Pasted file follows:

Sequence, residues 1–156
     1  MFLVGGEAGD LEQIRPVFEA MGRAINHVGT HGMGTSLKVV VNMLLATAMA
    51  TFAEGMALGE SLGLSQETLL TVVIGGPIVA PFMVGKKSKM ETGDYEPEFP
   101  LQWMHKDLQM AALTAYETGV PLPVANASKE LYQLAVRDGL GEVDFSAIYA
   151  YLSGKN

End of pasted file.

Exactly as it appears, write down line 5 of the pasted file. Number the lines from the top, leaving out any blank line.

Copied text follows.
   151  YLSGKN